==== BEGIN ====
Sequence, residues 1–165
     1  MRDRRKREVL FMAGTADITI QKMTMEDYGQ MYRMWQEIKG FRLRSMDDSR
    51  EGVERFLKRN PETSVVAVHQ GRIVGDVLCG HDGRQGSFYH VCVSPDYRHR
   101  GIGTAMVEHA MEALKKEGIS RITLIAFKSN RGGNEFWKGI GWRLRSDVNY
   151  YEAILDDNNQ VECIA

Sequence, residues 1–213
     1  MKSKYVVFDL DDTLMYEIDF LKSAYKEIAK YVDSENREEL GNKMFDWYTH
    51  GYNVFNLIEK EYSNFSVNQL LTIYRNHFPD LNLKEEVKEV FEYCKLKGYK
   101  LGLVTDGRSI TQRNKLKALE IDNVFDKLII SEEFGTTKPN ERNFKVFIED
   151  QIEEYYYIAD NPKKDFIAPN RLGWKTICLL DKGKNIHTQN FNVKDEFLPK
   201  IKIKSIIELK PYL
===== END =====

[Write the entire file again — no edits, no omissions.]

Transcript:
Sequence, residues 1–165
     1  MRDRRKREVL FMAGTADITI QKMTMEDYGQ MYRMWQEIKG FRLRSMDDSR
    51  EGVERFLKRN PETSVVAVHQ GRIVGDVLCG HDGRQGSFYH VCVSPDYRHR
   101  GIGTAMVEHA MEALKKEGIS RITLIAFKSN RGGNEFWKGI GWRLRSDVNY
   151  YEAILDDNNQ VECIA

Sequence, residues 1–213
     1  MKSKYVVFDL DDTLMYEIDF LKSAYKEIAK YVDSENREEL GNKMFDWYTH
    51  GYNVFNLIEK EYSNFSVNQL LTIYRNHFPD LNLKEEVKEV FEYCKLKGYK
   101  LGLVTDGRSI TQRNKLKALE IDNVFDKLII SEEFGTTKPN ERNFKVFIED
   151  QIEEYYYIAD NPKKDFIAPN RLGWKTICLL DKGKNIHTQN FNVKDEFLPK
   201  IKIKSIIELK PYL